This report looks at key trends in prison suicide rates and presents what Samaritans know about why some people in prison take their own lives. The reasons, as with all suicides, are complex. It is suggested that the increased risk of suicide in prisoners stems from a unique combination of pre-existing vulnerability and the prison environment itself.
Around 200 young people die by suicide every year. This report investigates the relationship between loneliness and suicide in young people, and if or how they may be connected.
Loneliness, suicide and young people
This toolkit has been developed by the National Confidential Inquiry into Suicide and Safety in Mental Health (NCISH) from the NICE Quality Standard (QS34) covering the initial management of self-harm and the provision of longer-term support for children and young people (aged 8 to 18) and adults (aged 18+) who self-harm.
NCISH toolkit for self-assessment
Autistica is the UK’s autism research charity. This briefing summarises the most important scientific findings about suicide in the autistic community. It was developed in collaboration with leading researchers, autistic people and bereaved family members as an insight into the latest evidence.
Autistica strongly urge the Department of Health and Social Care, NHS policy-makers, local authorities, services and public research funders to act on this information.
Autistica Action Briefing: Suicide Prevention
This quality standard covers the initial management of self-harm and the provision of longer-term support for children and young people (aged 8 to 18) and adults (aged 18 and over) who self-harm. It describes high-quality care in priority areas for improvement.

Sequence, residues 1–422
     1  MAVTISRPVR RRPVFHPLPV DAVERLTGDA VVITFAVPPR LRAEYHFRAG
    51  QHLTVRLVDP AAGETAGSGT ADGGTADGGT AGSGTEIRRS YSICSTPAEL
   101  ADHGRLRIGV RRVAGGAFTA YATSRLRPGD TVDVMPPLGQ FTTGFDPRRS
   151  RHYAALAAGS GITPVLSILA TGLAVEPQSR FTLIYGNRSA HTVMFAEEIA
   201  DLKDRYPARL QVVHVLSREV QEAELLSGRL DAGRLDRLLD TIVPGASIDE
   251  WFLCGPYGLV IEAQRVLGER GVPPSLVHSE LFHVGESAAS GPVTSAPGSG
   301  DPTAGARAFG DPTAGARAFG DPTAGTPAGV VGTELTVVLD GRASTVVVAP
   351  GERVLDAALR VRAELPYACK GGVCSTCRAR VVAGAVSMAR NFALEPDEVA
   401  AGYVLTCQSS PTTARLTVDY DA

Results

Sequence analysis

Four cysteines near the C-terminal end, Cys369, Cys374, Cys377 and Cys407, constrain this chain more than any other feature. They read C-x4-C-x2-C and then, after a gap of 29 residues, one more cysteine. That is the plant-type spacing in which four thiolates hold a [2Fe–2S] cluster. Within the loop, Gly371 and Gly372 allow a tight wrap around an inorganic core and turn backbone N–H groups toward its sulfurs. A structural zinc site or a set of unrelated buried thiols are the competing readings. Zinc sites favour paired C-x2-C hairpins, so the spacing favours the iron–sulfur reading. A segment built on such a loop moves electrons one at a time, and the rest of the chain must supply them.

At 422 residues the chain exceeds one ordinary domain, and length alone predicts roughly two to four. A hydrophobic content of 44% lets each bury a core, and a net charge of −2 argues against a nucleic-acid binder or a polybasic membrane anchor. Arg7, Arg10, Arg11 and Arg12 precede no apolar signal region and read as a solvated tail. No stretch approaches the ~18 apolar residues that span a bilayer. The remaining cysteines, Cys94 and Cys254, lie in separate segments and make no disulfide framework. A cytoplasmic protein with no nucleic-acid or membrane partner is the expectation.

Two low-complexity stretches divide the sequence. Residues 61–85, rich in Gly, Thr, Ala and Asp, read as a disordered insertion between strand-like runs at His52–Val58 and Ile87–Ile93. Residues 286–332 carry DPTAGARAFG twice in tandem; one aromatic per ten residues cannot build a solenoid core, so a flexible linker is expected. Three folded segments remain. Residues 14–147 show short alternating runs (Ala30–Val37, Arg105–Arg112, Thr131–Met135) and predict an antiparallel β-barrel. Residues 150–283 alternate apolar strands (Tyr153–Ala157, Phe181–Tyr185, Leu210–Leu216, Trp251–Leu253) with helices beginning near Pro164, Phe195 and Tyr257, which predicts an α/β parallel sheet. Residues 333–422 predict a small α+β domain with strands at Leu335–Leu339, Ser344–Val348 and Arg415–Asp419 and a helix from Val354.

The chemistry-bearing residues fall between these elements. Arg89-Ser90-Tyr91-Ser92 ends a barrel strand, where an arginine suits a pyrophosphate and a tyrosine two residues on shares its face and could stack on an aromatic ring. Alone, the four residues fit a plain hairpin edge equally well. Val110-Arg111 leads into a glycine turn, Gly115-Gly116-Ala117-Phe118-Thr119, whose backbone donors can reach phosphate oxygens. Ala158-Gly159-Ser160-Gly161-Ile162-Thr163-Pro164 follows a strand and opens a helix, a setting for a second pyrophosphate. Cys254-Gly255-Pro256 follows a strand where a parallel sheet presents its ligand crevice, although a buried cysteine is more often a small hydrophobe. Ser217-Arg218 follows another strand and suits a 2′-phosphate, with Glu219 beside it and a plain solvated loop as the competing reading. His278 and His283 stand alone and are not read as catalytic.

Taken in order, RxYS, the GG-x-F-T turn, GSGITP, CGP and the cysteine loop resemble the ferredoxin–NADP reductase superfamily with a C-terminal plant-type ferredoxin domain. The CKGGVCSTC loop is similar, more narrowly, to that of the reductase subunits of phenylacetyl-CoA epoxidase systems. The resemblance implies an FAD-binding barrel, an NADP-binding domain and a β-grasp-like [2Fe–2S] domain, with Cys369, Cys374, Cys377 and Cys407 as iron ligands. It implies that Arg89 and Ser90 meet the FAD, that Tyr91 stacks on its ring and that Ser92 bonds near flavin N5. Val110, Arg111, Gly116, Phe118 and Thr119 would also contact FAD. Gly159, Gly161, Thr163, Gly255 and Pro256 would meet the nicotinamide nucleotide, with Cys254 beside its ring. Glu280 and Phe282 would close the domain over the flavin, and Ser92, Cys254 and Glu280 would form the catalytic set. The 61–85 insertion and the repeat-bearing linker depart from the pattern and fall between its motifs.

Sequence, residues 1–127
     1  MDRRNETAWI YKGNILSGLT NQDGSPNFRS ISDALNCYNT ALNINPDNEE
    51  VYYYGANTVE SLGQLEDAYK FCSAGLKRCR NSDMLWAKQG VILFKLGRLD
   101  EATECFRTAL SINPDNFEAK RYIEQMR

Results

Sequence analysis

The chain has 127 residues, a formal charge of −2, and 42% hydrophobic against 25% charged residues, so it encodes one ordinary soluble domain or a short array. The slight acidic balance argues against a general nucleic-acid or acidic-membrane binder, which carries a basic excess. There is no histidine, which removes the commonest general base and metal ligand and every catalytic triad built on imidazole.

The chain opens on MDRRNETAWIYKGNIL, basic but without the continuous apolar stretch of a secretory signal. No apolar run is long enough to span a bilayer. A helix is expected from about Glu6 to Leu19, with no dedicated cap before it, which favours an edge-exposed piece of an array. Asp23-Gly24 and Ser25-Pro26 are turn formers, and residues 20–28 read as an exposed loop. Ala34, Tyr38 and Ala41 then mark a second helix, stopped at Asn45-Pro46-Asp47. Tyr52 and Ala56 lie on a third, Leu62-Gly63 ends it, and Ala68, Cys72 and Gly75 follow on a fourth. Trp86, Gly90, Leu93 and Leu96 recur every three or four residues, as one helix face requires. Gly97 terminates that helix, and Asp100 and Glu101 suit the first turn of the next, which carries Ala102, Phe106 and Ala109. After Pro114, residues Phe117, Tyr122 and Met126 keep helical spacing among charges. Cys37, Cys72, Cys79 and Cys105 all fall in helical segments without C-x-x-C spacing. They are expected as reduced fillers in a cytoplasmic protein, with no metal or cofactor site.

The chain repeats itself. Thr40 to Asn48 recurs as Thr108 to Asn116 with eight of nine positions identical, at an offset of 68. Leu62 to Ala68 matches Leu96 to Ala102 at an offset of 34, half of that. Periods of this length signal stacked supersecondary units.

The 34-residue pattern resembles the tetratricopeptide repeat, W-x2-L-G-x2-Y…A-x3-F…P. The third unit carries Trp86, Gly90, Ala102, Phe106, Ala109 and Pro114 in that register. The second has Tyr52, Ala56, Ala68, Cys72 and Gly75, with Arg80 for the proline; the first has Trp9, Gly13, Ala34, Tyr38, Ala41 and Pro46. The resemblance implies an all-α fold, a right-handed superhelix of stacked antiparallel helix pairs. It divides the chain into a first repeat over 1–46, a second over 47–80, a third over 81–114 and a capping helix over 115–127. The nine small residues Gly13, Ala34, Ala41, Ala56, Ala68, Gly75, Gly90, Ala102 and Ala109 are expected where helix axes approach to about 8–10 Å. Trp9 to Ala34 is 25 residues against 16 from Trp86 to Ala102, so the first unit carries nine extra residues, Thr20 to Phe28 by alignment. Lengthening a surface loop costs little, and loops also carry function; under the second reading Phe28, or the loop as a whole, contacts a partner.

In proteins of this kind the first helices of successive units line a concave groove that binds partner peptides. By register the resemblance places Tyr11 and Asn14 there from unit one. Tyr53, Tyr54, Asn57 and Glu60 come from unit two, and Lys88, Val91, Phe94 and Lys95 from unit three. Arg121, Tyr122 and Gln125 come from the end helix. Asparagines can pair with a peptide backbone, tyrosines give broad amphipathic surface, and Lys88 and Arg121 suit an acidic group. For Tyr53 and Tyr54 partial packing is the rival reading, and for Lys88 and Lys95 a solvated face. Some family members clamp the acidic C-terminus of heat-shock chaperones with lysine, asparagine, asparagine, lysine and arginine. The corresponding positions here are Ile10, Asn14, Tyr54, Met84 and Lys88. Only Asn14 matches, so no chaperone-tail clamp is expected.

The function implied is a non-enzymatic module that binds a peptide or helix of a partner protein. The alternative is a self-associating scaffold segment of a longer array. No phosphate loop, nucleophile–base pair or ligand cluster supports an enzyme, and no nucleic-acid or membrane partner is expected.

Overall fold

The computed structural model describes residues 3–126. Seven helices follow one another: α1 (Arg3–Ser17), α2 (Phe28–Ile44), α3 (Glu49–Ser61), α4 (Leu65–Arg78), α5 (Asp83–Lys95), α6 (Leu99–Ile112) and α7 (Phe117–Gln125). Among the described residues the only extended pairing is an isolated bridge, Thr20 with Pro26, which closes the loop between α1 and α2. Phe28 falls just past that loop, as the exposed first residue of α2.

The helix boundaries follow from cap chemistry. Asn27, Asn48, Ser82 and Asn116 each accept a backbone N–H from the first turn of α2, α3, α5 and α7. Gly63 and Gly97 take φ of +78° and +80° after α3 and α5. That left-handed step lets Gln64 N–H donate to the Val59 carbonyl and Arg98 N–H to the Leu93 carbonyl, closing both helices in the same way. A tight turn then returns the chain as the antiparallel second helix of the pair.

NICE Quality Standards Self-harm
The Money and Mental Health Policy Institute have published a report exploring the evidence around debt and suicidal thoughts and actions, and suicide prevention recommendations for government, local authorities and essential services providers.
A Silent Killer: Breaking the link between financial difficulty and suicide
This online learning resource has been developed by researchers at the Manchester Self-Harm (MaSH) Project, which is part of the Centre for Suicide Prevention, a leading UK centre for research into suicidal behaviour based at The University of Manchester.
This resource has been designed to help people understand more about why people may self-harm and how to help people who present to hospital emergency departments after self-harm.
MaSH Learning: Management of Self-Harm in the Emergency Department
This qualitative study written by MindOut, Children’s and Young Peoples Trust, University of Brighton, Brighton and Sussex Community Knowledge Exchange and Allsorts Young Project outlines key themes that underpin the experience of suicidal distress amongst two groups of LGBT people: young people and those who identify as having mental health problems.
Understanding Suicidal Distress and Promoting Survival in LGBT Communities
This booklet, created by the Mental Health Foundation, aims to help you understand more about self-harm and what to do if you are worried about yourself or someone else. It explains what self-harm is, what to do if you or someone you know is self-harming, and how to get help.
The truth about self-harm
Keele University has created a leaflet which aims to give information to people affected by self-harm in adulthood.
Self-harm in older adults
The National Confidential Inquiry into Suicide and Safety in Mental Health annual reports provide findings relating to people who died by suicide or were convicted of homicide across all UK countries. Additional findings are presented on sudden unexplained deaths (SUD) under mental health care in England and Wales.
Their large and internationally unique database is a national case series of suicide, homicide and SUD by mental health patients over 20 years. This allows them to examine the circumstances surrounding these incidents and changes in trends over time, and to make recommendations for clinical practice and policy to improve safety in mental health care.